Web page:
Listen to the courtroom audio from the May 17 oral arguments.
Mumia’s Battle in the Courtroom:
The Four Issues Made Simple
by Hans Bennett
In December, 2001 Federal District Court Judge William Yohn affirmed Mumia Abu-Jamal's guilt but overturned the death sentence. Citing the 1988 Mills v. Maryland precedent, Yohn ruled that sentencing forms used by jurors and Judge Sabo's instructions to the jury were confusing. Subsequently, jurors mistakenly believed that they had to unanimously agree on any mitigating circumstances in order to consider them as weighing against a death sentence.
Mumia's case is now in the federal Third Circuit Court of Appeals, with oral arguments set for May 17. District Attorney Lynne Abraham is appealing the death penalty ruling while Mumia is appealing the guilty verdict.
If the penalty ruling is overturned, a new execution date will be set for Mumia. If Yohn’s ruling is upheld, the DA can still impanel a new jury to rehear the penalty phase, which could then sentence Mumia to death—regardless of the 3rd Circuit ruling.
Because the DA appealed Yohn's death penalty decision, Mumia has never left death row, and is still unable to have such “privileges” as full-contact visits with his family.
While the specter of execution still exists, there is also reason for hope. In December, 2005 the 3rd Circuit announced the beginning of deliberations and shocked many by agreeing to consider two claims not “certified for appeal” by Yohn in 2001.
Mumia's attorney Robert R. Bryan declared it to be “the most important decision affecting my client since his 1981 arrest, for it was the first time there was a ruling that could lead to a new trial and his freedom.” The court is now considering the following four issues:
Whether the penalty phase of Mumia's trial violated the legal precedent set by the US Supreme Court's 1988 Mills v. Maryland ruling. This issue was Yohn's grounds for overturning the death sentence and is now being appealed by the DA.
“Certified for appeal” by Yohn in 2001, the Batson claim addresses the prosecution's use of peremptory challenges to exclude Blacks from Mumia's jury. In 1986, the US Supreme Court ruled in Batson v. Kentucky that a defendant deserves a new trial if it can be proved that jurors were excluded on the grounds of race. Most importantly, Batson significantly lowered the defendant's burden of proof.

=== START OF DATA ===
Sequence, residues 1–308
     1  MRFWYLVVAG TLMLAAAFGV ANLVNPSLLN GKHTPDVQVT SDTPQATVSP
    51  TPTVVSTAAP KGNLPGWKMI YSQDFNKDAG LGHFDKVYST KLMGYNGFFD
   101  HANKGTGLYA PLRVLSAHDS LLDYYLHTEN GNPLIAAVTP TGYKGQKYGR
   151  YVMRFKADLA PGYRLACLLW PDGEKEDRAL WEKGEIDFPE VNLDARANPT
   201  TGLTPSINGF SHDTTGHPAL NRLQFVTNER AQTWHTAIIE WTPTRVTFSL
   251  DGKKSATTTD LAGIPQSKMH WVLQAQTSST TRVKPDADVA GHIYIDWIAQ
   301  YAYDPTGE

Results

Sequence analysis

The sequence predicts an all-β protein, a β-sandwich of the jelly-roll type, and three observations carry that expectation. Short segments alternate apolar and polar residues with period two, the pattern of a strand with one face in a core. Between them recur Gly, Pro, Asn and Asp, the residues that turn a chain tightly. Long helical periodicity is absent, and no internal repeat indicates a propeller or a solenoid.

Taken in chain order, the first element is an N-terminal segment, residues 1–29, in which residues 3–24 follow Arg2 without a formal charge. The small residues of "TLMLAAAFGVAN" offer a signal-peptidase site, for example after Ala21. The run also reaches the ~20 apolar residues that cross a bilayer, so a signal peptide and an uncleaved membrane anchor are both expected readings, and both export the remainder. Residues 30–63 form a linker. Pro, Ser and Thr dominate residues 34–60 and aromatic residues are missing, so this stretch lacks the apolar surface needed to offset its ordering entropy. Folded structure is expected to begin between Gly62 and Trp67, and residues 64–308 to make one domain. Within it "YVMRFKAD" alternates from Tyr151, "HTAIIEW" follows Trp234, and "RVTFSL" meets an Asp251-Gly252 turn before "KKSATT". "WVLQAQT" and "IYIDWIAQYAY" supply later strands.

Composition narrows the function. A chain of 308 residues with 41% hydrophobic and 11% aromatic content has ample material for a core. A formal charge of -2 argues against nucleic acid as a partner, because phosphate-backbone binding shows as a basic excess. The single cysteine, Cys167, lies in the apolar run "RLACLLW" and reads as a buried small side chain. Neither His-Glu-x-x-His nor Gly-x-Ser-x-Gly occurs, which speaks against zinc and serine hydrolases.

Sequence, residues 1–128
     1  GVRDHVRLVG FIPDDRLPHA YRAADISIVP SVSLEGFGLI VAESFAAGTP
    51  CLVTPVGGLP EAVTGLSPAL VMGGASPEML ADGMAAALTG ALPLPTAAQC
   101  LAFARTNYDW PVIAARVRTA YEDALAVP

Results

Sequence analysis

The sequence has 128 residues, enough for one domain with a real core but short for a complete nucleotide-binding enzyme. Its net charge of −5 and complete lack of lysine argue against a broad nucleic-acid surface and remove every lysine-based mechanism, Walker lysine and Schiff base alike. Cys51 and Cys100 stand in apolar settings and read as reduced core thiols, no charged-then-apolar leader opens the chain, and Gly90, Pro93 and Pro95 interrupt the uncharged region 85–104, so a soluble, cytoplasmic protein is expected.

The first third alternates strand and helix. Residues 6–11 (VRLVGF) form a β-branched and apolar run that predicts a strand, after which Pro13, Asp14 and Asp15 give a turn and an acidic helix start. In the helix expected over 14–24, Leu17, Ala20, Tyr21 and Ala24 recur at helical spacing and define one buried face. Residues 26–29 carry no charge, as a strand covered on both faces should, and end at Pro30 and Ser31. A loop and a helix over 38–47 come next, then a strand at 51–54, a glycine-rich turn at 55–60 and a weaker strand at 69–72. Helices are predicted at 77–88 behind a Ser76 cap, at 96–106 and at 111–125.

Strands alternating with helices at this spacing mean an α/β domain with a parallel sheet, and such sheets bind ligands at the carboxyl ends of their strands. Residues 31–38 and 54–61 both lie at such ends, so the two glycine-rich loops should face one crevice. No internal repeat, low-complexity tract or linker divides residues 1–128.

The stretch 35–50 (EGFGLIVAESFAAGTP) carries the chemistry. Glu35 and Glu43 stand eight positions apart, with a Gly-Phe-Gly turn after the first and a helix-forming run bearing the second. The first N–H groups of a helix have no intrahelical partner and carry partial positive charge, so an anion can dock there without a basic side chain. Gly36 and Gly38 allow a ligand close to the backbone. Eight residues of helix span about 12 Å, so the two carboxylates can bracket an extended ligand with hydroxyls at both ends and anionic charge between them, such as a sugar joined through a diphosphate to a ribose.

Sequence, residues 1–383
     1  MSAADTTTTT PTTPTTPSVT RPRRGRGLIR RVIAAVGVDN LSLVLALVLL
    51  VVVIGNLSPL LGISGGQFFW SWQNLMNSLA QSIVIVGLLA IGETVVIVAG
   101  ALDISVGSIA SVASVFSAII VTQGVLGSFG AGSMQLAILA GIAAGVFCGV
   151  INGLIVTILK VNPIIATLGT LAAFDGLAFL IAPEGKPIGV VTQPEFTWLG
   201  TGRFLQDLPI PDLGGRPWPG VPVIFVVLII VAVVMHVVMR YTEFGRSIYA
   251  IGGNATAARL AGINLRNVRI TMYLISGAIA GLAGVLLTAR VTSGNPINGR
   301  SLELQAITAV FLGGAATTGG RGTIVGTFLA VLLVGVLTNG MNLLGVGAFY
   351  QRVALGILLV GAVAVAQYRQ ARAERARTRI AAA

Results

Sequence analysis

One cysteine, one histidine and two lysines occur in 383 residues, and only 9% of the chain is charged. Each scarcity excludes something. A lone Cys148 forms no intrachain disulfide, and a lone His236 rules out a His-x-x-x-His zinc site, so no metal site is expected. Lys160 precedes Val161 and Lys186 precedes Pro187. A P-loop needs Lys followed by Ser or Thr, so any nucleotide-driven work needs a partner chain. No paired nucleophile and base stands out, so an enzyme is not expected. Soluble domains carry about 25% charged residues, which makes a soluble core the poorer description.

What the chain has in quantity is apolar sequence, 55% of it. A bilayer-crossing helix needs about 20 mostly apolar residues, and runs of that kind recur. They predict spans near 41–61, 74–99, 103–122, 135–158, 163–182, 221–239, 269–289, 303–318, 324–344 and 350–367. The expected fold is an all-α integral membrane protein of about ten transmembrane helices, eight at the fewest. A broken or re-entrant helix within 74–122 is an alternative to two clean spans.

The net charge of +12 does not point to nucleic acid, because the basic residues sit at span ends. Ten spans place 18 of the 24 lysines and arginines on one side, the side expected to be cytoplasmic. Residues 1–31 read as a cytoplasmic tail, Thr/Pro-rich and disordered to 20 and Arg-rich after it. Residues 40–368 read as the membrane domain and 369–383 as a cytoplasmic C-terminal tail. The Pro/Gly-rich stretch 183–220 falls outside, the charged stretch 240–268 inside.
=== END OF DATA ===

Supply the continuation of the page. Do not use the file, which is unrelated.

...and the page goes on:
At Mumia's trial, Prosecutor McGill used 11 of his 15 peremptory challenges to remove black jurors that were otherwise acceptable. While Philadelphia was 40% black, Abu-Jamal's jury was composed of ten whites and only two blacks. From 1977-1986 when current Pennsylvania governor Ed Rendell was Philadelphia's District Attorney, the evidence of racism is striking: from 1977-86, the Philadelphia DA struck 58% of potential black jurors, but only 22% of white jurors.
In their Amicus Curiae (“friend of the court”) brief supporting the Batson claim, the NAACP Legal Defense Fund concludes that it is an “abundantly clear… prima facie case of discrimination.” The LDF cites a survey of homicide cases DA McGill tried from Sept., 1981 to Oct., 1983, showing that “the odds that Mr. McGill would peremptorily challenge an African-American potential juror were 8.47 times greater than for non-black jurors.”
The legality of McGill's statement to the jury minimizing the seriousness of a verdict of guilt: “If you find the Defendant guilty of course there would be appeal after appeal and perhaps there could be a reversal of the case, or whatever, so that may not be final.”